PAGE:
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Ratio of how much light is reflected back from a body / From Wikipedia, the free encyclopedia

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Albedo (/ælˈbd/; from Latin albedo 'whiteness') is the fraction of sunlight that is diffusely reflected by a body. It is measured on a scale from 0 (corresponding to a black body that absorbs all incident radiation) to 1 (corresponding to a body that reflects all incident radiation).

Albedo change in Greenland: The map shows the difference between the amount of sunlight Greenland reflected in the summer of 2011 versus the average percent it reflected between 2000 and 2006. Some areas reflecting close to 20 percent less light than a decade ago.[1]

Surface albedo is defined as the ratio of radiosity Je to the irradiance Ee (flux per unit area) received by a surface.[2] The proportion reflected is not only determined by properties of the surface itself, but also by the spectral and angular distribution of solar radiation reaching the Earth's surface.[3] These factors vary with atmospheric composition, geographic location, and time (see position of the Sun). While bi-hemispherical reflectance is calculated for a single angle of incidence (i.e., for a given position of the Sun), albedo is the directional integration of reflectance over all solar angles in a given period. The temporal resolution may range from seconds (as obtained from flux measurements) to daily, monthly, or annual averages.

Unless given for a specific wavelength (spectral albedo), albedo refers to the entire spectrum of solar radiation.[4] Due to measurement constraints, it is often given for the spectrum in which most solar energy reaches the surface (between 0.3 and 3 μm). This spectrum includes visible light (0.4–0.7 μm), which explains why surfaces with a low albedo appear dark (e.g., trees absorb most radiation), whereas surfaces with a high albedo appear bright (e.g., snow reflects most radiation).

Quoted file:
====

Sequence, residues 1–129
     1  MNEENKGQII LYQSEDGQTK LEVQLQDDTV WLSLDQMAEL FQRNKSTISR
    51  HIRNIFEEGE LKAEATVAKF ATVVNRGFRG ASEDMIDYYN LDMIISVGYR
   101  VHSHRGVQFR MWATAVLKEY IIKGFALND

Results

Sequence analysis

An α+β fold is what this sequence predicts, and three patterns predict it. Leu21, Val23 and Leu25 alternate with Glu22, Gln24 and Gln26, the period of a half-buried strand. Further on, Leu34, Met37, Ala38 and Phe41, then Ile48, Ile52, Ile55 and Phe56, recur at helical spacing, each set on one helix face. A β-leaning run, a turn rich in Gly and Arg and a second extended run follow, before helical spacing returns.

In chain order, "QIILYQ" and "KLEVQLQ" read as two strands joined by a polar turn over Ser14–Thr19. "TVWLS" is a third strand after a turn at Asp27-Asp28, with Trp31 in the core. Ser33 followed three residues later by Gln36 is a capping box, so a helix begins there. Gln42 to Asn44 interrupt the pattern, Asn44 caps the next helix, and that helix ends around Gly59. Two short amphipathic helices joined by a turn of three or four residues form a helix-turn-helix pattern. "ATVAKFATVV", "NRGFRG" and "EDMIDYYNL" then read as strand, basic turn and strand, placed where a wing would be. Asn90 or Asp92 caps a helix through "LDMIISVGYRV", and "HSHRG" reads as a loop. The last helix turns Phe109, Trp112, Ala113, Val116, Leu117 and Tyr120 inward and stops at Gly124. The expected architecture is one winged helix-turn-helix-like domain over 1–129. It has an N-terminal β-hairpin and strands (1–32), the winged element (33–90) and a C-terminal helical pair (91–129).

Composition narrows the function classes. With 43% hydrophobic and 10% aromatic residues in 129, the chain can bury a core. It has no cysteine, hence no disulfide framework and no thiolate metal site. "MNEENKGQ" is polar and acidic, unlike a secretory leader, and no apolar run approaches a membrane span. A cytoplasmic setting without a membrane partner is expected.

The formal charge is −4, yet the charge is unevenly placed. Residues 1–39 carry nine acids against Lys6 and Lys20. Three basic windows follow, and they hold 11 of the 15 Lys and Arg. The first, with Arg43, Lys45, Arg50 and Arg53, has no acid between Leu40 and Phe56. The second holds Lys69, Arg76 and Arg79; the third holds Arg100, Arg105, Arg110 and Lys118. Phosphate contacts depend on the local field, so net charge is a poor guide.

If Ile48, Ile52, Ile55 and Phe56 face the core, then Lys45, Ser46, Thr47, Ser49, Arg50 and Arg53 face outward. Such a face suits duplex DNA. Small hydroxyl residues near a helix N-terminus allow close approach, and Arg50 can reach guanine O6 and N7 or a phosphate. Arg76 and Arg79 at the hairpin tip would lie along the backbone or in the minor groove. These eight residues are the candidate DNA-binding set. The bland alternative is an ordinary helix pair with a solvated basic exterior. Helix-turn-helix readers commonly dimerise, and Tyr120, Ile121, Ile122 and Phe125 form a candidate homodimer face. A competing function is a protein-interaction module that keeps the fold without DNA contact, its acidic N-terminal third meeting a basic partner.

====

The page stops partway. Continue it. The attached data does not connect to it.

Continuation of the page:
Ice–albedo feedback is a positive feedback climate process where a change in the area of ice caps, glaciers, and sea ice alters the albedo and surface temperature of a planet. Ice is very reflective, therefore it reflects far more solar energy back to space than the other types of land area or open water. Ice–albedo feedback plays an important role in global climate change.[5]

Albedo is an important concept in climatology, astronomy, and environmental management. The average albedo of the Earth from the upper atmosphere, its planetary albedo, is 30–35% because of cloud cover, but widely varies locally across the surface because of different geological and environmental features.[6]